The results were so surprising, in fact, that the researchers asked Penn Vet pathologists to recheck the dogs’ tissue biopsies to make sure that the dogs really had the disease.
“They reread the samples and said, yes, it’s really hemangiosarcoma,” Cimino Brown said.
Chemotherapy is available for treating hemangiosarcoma, but many owners opt not to pursue that treatment once their dog is diagnosed.
“It doesn’t hugely increase survival, it’s expensive and it means a lot of back and forth to the vet for the dog,” Cimino Brown said. “So you have to figure in quality of life.”
While I’m-Yunity is not cheap, if proven effective, it would offer owners a way of extending their pet’s life without regular trips to the vet and the side-effects and distress to the animal which accompany chemotherapy. No evidence of adverse effects from the PSP treatment have been found.
The researchers are now getting ready to pursue further trials of I’m-Yunity in dogs with hemangiosarcoma to confirm and refine their results. One trial will compare I’m-Yunity to a placebo for those owners who opt not to pursue chemotherapy in their pet and another will compare the compound to standard-of-care chemotherapy.
Depending on those results, veterinarians could eventually prescribe the compound for treating hemangiosarcoma, and perhaps other cancers, in dogs. The company that manufacturers I’m-Yunity may also pursue large-scale clinical trials in humans.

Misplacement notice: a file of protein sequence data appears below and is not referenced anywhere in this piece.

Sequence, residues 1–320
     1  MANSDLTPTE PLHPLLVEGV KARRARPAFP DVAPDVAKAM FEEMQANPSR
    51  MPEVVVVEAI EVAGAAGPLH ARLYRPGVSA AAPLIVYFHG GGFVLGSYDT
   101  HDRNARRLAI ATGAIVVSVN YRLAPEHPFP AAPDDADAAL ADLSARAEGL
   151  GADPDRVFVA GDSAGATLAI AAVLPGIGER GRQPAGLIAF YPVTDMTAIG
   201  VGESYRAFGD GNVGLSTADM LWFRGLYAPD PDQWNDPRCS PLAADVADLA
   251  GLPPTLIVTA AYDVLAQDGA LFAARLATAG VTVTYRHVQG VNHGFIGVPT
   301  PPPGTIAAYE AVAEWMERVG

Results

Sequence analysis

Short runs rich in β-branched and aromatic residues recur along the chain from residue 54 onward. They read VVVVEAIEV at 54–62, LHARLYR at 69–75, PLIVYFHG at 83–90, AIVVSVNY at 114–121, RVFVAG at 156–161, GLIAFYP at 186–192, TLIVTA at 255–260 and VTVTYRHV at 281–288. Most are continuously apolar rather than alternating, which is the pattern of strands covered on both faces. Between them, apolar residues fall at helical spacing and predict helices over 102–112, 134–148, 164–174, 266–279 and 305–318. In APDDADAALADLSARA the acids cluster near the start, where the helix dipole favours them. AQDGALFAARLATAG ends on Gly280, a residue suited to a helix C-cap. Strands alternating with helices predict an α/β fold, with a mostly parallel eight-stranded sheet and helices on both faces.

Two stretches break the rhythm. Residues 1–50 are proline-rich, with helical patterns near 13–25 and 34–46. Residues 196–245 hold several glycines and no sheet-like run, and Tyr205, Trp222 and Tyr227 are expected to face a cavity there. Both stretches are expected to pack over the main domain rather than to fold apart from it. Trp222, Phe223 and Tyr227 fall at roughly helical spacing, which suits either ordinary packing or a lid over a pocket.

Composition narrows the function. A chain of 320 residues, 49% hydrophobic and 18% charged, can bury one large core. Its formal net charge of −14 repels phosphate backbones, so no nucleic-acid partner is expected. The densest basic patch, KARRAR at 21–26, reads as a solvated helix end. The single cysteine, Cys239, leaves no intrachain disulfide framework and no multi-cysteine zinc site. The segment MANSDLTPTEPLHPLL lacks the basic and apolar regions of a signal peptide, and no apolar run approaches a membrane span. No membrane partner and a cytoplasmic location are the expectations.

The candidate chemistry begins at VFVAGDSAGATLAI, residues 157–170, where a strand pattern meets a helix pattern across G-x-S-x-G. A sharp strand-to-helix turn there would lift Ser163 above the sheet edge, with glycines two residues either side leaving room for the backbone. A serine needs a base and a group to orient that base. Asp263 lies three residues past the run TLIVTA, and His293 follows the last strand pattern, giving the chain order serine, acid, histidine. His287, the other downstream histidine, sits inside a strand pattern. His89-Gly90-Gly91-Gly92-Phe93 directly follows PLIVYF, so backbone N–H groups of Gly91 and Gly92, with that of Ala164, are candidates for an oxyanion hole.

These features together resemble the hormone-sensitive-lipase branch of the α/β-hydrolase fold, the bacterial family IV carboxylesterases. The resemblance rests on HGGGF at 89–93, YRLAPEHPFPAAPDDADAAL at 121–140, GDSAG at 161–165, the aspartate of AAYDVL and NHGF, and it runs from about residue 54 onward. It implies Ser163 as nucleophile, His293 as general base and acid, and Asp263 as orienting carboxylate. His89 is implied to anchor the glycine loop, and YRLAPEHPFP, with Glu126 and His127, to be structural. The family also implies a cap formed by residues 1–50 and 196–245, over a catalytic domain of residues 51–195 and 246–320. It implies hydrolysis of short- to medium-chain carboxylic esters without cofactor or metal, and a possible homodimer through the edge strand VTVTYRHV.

“Although hemangiosarcoma is a very sad and devastating disease,” Cimino Brown said, “in the long term, if we prove that this works, this treatment can be a really nice alternative for owners to have increased quality time with their pet at the end of its life.”
The study was conducted by two University of Pennsylvania School of Veterinary Medicine faculty. Dorothy Cimino Brown is professor and chair of the Department of Clinical Studies and director of the Veterinary Clinical Investigation Center. Jennifer Reetz is an attending radiologist in the Department of Clinical Studies.
The study was funded by a grant from Chinese Medicine Holdings, the manufacturer of the product. I’m-Yunity is available for sale through their website, though it is not cheap at over $100 per bottle of 60 capsules, which would last between 7 and 20 days if taken according to the recommendations on the website. If bought in bulk the capsules cost $1.20 each and the company recommend that between 3 and 9 be consumed per day.
It should be reiterated that this compound has not yet been adequately tested in human beings and that the results of animal trials do not always correspond to equivalent results in humans.
Sources and Further Information:
Dorothy Cimino Brown, Jennifer Reetz. Single Agent Polysaccharopeptide Delays Metastases and Improves Survival in Naturally Occurring Hemangiosarcoma.Evidence-Based Complementary and Alternative Medicine, 2012; 2012: 1 DOI: 10.1155/2012/384301